Herod's Choice: The Beheading of John the Baptist

I know I had no choice, but still, I couldn't bear to see the consequences of my decision.

Now, as Herod remains on center stage under the spotlight, I imagine him looking toward the future.

Here he comes. We meet at last. Here is the young radical who called me a "fox" (Lk. 13:32)! Pilate has sent him to me to figure out what to do with him. I'm glad for the chance to meet him. After all, I've heard about him. Meeting him face to face, I realize he's not John the Baptist raised from the dead, though there is a slight family resemblance in their features. There certainly is a great family resemblance in their fearlessness. I try to get him to heal somebody or multiply some loaves or perform some other sign, but he refuses to speak. I learned from the debacle with John that I don't ever want to order the death of an innocent man again, but I can't release him. The people would go wild. So I send him back to Pilate.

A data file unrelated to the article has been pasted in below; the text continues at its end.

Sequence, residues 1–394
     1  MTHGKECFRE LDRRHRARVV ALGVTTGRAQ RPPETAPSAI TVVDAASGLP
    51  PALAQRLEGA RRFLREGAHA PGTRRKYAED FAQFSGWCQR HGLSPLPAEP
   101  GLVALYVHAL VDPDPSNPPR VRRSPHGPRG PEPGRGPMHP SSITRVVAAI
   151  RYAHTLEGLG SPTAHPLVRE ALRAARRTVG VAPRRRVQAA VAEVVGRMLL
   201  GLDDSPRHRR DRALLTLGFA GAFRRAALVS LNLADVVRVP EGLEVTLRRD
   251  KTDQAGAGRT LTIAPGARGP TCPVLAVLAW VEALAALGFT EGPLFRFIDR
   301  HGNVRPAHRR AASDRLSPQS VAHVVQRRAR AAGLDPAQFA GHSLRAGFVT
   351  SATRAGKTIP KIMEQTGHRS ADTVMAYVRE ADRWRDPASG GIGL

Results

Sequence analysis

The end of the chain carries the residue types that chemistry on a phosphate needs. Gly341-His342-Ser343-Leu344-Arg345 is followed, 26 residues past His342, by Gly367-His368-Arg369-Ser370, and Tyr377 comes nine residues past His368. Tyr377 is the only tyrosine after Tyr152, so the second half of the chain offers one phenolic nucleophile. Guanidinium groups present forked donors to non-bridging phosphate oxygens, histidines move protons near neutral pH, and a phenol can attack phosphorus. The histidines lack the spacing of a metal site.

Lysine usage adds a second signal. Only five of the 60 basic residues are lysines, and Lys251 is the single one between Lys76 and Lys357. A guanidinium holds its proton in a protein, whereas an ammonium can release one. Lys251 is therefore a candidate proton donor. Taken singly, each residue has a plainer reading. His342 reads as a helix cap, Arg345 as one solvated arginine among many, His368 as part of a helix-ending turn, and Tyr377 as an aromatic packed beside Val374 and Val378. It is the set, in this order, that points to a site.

Poor Pilate was put in the same position I was in with John and Herodias. He believed he was innocent, but couldn't risk angering the people and the religious leaders. Neither of us had a choice. I don't know why history has given us such a bad rap. People in power have a lot to lose. We should get a little credit for at least saying that we thought he was innocent before we gave him up to be crucified.

I didn't want to see John's head on a platter, and I didn't attend the crucifixion of Jesus of Nazareth. I hate situations in which I have no choice, but in which the consequences of my decisions are too horrible to face.

Sources Consulted

The International Standard Bible Encyclopedia (Grand Rapids: Eerdmans, 1982), edited by Dr. Geoffrey W. Bromiley.

Josephus' Antiquities XVIII. 5.2 (The death of John the Baptist is recorded here.)

Bonnie Bowman Thurston, Preaching Mark (Fortress Press, 2002).

12/2/2022 9:10:33 PM
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  • Alyce McKenzie
    About Alyce McKenzie
    Alyce M. McKenzie is the George W. and Nell Ayers Le Van Professor of Preaching and Worship at Perkins School of Theology, Southern Methodist University.